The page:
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PCOS and Why Those HIIT Sessions May Be Doing More Harm Than Good

Updated: Aug 7, 2023

PCOS (Polycystic Ovary Syndrome) affects millions of women worldwide, presenting various challenges, including weight management (both gaining and losing goals). For women with PCOS, effectively managing the condition requires a strategic approach to exercise. While HIIT (High-Intensity Interval Training) has gained popularity, scientific evidence suggests that strength training is a superior choice for women with PCOS.

Let's explore the research-backed reasons why strength training reigns supreme over HIIT and cardio-based classes, offering a path to control and long-term PCOS management.

1. Cortisol Control:

PCOS is often associated with hormonal imbalances, and cortisol (the stress hormone), can exacerbate symptoms. HIIT, being an intense form of exercise, has been shown to elevate cortisol levels, which can contribute to insulin resistance and hinder fat loss efforts in women with PCOS.

On the other hand, strength training helps maintain more stable cortisol levels, which promotes hormonal balance and supporting PCOS management.

2. Appetite Management:

Women with PCOS commonly face challenges in appetite regulation, and HIIT has been linked to increased hunger hormones, potentially leading to overeating. In contrast, strength training has a more favourable impact on appetite control, assisting women in maintaining a balanced caloric intake and supporting their fat loss goals.

3. Muscle Preservation and Building:

Preserving and building muscle mass is essential for women with PCOS. Unfortunately, HIIT can lead to muscle catabolism, burning valuable muscle tissue along with fat. Strength training, however, prioritizes muscle preservation and development, which is crucial for a higher metabolism and improved insulin sensitivity. This helps women with both fat loss and weight gain goals.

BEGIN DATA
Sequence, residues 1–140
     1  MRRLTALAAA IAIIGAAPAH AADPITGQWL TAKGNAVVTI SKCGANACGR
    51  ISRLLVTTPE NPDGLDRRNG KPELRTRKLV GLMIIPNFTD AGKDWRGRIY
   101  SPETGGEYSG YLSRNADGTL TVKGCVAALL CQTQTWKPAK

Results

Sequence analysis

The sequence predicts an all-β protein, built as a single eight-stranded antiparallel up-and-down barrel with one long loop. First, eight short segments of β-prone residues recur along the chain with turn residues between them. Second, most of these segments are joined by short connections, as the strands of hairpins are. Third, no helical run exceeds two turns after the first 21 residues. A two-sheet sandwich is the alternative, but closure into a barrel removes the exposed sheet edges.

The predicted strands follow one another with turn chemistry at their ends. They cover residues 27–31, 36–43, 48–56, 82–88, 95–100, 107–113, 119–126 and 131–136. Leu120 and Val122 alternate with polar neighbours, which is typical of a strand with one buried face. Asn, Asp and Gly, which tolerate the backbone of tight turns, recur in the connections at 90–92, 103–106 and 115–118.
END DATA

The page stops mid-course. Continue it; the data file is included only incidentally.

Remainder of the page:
A study published in the "Journal of Science and Medicine in Sport" (2018) compared the effects of strength training and HIIT on body composition and found that strength training was more effective at preserving muscle mass while reducing body fat in women with PCOS.

4. Insulin Sensitivity Improvement:

Insulin resistance is a hallmark of PCOS, making insulin sensitivity improvement a vital aspect of managing the condition. Multiple studies have demonstrated that strength training positively impacts insulin sensitivity in women with PCOS, aiding in better blood sugar control and overall health.

Research published in the "European Journal of Applied Physiology" (2017) showed that strength training improved insulin sensitivity in women with PCOS, highlighting its potential therapeutic benefits.

5. Boosted Metabolism:

Building muscle through strength training contributes to a higher BMR (basal metabolic rate), allowing women with PCOS to burn more calories at rest and after a strength workout is completed. This increased metabolism makes it easier to achieve and maintain fat loss goals in the long run.

A study in the "American Journal of Clinical Nutrition" (2014) found that increased muscle mass through resistance training led to a significant rise in BMR, indicating its importance in fat loss and weight management.

6. Empowerment and PCOS Control:

Beyond the physical benefits, strength training empowers women with PCOS by fostering self-confidence and control over their bodies. The sense of accomplishment and strength gained from weightlifting can positively impact mental health and overall well-being, aiding in managing the emotional challenges associated with PCOS.

7. The Downside of Cardio-Based Classes:

While popular workout classes like Barry's Bootcamp, F45, and Orange Theory Fitness have their merits of feeling like “WOW, what a workout!”, they often prioritize high-intensity cardio exercises over muscle-building activities. While this is great for movement, following a routine, being a part of a community - for women with PCOS, who already face muscle loss challenges, excessive cardio can be counterproductive, potentially hindering their fat loss and PCOS management efforts.

While cardio-based classes may help burn calories in the short term, they might not be the most sustainable or effective approach for women with PCOS aiming for long-term fat loss and overall health.

Embrace the empowerment that comes with strength training, and witness how this transformative form of exercise can help you regain control of your body and conquer PCOS with confidence and resilience.


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